29. Gday Raiders, Headed out with the kids on Saturday to try and get a feed of flatties. The weather was looking marginal, with a decent northerly predicted, but not much swell. The Bayview boat ramp was pleasantly empty. Met a nice guy heading out for a solo squid session in Pittwater. Headed straight out, slightly SE from Barrenjoey. At around the 40m mark, a couple of NM offshore, the wind really picked up and basically stayed that way all morning. We battled hard with the minn kota to keep our baits on the bottom. Whilst we took out some vacuum sealed yakkas and pillies we were lucky enough to pick up a couple of coutta early on. These were dispatched and made excellent bait, getting hammered when the baits hit the bottom. Picked up some really nice fish, 3 over 50 with the biggest 54cm (ish) and the rest in the 40s. A couple of throwbacks but not many. After about 3 hours we were done with the bouncing and the wind so headed in. Surprisingly the weather was beautiful once we were back close to Palmy. Overall a challenging but rewarding day on the water. Cheers D
    8 points
  30. Howdy Raiders. I hope that you are all keeping well. Won't be easy being in lockdown for this next extended period but hopefully we'll all stay safe and come out of the other end ok. Yesterday we had some clearing weather and today there was a nice crisp frost on the ground as the sun made its way up from the Eastern horizon. I headed out to a local canal which runs out of the main Murrumbidgee River at a place called Gogelderie. Arriving about 8.30 am the temp on my new phone read 0c. I set up 2 rods with double paternoster rigs and used corn, bread and worms on the 4 hooks. This is how I find out if the fish are fancying one bait above another. About 15 minutes in I got a nice bite and brought in a 55cm Carp which was in excellent condition (though not for long). That was the only bite I had so I tried another spot in one of the irrigation channels. Alas no joy there and I headed home to get some lunch. At least I managed to get out and have a little fish. I'll probably check the river next week to see if there's any chance of using the boat. Here are some photos of the local area...
    8 points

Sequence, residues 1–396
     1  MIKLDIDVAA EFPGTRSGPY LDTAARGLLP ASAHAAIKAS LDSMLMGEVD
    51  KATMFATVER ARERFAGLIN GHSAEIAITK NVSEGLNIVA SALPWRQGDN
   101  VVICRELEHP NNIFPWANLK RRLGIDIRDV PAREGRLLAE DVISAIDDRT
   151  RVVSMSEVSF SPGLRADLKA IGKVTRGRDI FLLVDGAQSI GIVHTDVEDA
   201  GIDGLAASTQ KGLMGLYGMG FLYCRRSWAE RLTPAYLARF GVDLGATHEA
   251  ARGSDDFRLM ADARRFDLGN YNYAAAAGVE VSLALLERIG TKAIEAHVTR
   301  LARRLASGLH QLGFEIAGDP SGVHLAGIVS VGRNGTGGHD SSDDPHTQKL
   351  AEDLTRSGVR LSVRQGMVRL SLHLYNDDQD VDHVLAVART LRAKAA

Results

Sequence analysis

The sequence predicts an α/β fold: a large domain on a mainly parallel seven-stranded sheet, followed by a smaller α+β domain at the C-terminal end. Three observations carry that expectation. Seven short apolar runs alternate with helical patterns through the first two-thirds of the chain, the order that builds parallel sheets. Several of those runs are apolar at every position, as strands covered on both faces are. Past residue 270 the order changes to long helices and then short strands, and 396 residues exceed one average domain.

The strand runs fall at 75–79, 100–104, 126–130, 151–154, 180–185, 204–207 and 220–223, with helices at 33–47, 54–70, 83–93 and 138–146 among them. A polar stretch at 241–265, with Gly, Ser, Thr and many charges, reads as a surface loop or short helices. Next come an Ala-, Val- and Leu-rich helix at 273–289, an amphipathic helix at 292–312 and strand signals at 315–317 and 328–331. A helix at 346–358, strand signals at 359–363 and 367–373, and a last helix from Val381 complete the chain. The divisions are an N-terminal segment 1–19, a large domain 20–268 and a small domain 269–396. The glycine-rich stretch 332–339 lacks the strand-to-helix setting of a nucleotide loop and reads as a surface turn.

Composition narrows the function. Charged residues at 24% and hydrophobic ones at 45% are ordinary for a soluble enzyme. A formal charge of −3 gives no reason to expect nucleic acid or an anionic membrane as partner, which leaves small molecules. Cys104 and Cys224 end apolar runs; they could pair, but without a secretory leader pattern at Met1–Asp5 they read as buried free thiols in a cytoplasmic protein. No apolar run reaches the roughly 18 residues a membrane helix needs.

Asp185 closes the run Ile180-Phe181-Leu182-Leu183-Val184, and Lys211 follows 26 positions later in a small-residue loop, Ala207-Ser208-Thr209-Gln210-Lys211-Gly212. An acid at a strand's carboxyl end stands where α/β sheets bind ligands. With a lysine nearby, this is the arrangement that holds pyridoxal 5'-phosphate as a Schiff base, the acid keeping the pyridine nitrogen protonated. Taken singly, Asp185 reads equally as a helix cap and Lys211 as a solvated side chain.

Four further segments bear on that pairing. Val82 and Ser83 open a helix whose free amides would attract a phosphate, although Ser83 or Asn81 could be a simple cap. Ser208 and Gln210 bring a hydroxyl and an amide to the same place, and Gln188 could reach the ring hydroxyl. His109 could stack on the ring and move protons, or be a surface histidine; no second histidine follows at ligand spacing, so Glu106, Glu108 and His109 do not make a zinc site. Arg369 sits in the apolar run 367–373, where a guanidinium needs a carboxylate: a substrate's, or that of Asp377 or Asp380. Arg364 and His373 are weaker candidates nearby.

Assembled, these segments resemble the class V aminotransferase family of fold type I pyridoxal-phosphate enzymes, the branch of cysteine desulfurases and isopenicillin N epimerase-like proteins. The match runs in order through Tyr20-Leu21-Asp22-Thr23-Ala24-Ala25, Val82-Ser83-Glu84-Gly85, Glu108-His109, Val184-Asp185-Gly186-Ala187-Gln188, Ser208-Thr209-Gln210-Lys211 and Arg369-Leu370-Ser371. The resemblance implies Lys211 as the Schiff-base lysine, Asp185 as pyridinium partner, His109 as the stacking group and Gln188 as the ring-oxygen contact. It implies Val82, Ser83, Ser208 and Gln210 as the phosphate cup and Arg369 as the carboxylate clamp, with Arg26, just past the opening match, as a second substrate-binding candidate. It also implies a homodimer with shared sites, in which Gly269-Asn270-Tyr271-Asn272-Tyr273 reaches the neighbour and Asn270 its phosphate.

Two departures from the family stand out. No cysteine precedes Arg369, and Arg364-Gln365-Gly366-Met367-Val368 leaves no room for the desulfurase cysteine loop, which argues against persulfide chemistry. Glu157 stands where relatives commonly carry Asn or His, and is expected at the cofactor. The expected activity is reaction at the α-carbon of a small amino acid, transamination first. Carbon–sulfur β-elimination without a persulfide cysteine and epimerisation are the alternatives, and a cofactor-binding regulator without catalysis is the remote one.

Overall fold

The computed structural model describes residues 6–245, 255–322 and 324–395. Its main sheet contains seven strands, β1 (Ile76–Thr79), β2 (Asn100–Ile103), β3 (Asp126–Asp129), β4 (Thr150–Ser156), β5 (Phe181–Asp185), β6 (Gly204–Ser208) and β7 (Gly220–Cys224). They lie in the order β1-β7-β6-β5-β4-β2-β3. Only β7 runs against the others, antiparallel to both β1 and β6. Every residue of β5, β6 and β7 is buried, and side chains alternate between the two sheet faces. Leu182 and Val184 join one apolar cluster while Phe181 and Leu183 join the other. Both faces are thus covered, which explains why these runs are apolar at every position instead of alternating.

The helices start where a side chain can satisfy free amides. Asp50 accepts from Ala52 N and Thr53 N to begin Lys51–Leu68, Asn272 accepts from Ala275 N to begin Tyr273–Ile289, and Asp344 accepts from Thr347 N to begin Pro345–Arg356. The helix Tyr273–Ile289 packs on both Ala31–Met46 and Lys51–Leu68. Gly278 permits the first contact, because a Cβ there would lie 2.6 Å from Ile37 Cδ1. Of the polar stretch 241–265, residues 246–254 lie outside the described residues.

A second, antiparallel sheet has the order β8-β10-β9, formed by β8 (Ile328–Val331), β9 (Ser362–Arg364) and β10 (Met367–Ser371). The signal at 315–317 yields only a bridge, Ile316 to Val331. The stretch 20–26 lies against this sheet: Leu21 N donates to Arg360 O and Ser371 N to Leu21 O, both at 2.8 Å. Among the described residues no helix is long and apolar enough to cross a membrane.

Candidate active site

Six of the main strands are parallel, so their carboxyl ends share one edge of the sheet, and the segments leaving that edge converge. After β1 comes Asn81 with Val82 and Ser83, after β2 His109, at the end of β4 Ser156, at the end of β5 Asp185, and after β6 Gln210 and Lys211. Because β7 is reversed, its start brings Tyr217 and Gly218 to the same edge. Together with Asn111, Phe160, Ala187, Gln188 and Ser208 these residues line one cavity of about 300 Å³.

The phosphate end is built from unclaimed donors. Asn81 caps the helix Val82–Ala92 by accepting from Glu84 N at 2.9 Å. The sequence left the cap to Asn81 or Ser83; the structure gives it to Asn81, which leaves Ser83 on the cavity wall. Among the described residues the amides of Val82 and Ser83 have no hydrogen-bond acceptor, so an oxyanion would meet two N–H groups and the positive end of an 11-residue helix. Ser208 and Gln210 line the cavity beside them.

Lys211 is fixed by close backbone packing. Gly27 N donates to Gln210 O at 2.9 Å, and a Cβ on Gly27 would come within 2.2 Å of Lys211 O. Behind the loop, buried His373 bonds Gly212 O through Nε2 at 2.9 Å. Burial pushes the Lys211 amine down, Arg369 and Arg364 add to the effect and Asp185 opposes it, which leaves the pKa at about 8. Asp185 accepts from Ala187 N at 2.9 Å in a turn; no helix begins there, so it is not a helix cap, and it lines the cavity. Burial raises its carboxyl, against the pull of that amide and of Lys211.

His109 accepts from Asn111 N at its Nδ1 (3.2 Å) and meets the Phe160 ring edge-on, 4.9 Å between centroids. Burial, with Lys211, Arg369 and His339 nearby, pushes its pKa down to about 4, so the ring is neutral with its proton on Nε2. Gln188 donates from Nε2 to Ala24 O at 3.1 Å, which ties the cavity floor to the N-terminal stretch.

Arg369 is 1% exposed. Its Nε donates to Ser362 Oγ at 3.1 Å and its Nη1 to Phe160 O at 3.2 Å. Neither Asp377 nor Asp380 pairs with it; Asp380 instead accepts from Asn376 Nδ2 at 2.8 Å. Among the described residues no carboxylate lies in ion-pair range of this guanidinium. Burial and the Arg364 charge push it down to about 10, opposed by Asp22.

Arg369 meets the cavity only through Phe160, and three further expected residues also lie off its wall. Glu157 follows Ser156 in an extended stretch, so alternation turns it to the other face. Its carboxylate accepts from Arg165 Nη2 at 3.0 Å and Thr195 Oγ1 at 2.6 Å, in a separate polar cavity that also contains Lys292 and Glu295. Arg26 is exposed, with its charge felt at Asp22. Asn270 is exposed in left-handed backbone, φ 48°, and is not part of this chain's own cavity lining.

31. If you have a passion for fishing and boating, then you have probably already heard of the online community forum Fishraider. Since Deckee acquired Fishraider in January 2020, the site has seen a huge increase in membership and guest users posting for the first time who are keen to get involved. Fishraider has over 30,000 members and is the go-to site for anything related to fishing and boating in Australia. Fishraider community manager Donna Barton has been at the helm of the forum since 2004, and her journey started when she sought to share her fishing experiences with like-minded anglers. Deckee chats with Donna about the passionate group of fishos on Fishraider, her own love of fishing and how the Deckee app has become an ideal resource for the boating community. How did you first discover your passion for fishing? I started really getting into fishing when I met my husband, and he knew everything about equipment and lures. I started out fishing with soft plastics. A lot of fishermen say they struggle to catch anything with them, but I'm pretty good at being able to catch different types of fish. I started catching fish, and I posted one of the very first fish I had caught on a fishing forum. I got no response. I knew from there that it was a bit of a boys club. I remember thinking to myself, ‘I really have to get stuck in here to represent all the women out there who love to fish’. That is how I found Fishraider. Why is Fishraider so popular amongst anglers in Australia? I joined Fishraider very early on, It was a very welcoming community. When the original owner had to move on, I decided to take over running the site. That was in 2004, and I have been managing the forums ever since. We have managed to work it up into a really great space for fishing enthusiasts. Over the years Fishraider has hosted a lot of educational sessions, and has helped members obtain boat licenses and enrol in Radio Operators Certification. Fishraider has a wide range of discussion boards, articles, forecasts and guides for water lovers to access and contribute to. A number of Deckee ambassadors are active on the forums providing invaluable tips and advice from their local areas. What is the best part of being out on the water? What is the best part of being out on the water? Variety is the spice of life. I really enjoy exploring different places and trying to find new species to catch. We have a caravan now, so we travel up to the Gulf of Carpentaria and into the Northern Territory to fish in some of the most remote places in the country. It is quite exciting. The goal is to always catch lots of fish. Being able to catch a new species I haven't caught before, snap a picture then release it back into the water is an excellent way to spend a day on the water. I like to write up a report for Fishraider right there on the boat. What advice can you give to first-time boaters? A great way to start out is to join the Fishraider forums and download the Deckee app on your phone. Education is key. Providing people with the resources to educate themselves on fishing is important. Deckee does a great job of making information readily available in a convenient way. When you first buy a boat, it is important to have some knowledge on how to operate and look after it. What are some common mistakes first-time boaters encounter regarding safety? The most common mistake I see first-time boaters make is how to launch a boat off the ramp. That is important to know how to do properly, not just for your safety but also for those around you. Another important thing to remember is to check that all your safety equipment is in working order before you plan to head out on the water. I see things like this happen all the time because the owner or skipper is inexperienced. How can fishos reduce their risk of incident? When it comes to fishing, people need to take extra care when fishing off rocks. Wearing a lifejacket increases your chances of survival if you are washed off a big wave, but some fishermen still don’t feel the need to wear them. Being prepared before you go out fishing goes a long way to ensuring you have a successful day. Experienced fishos will spend half a day re-rigging lines and checking knots, making sure all the equipment needed is on board. Safety webinars are a great way to inform fishos on what they can do to reduce the risk of incidents out on the water. Fishraider covers a range of topics including how to set off flares in an emergency, how to use an EPIRB and information on changes to fishing restrictions and laws. Join fishraider.com.au, Australia's #1 community of fishing enthusiasts, to see the latest fishing reports from anglers and stay updated with fishing news.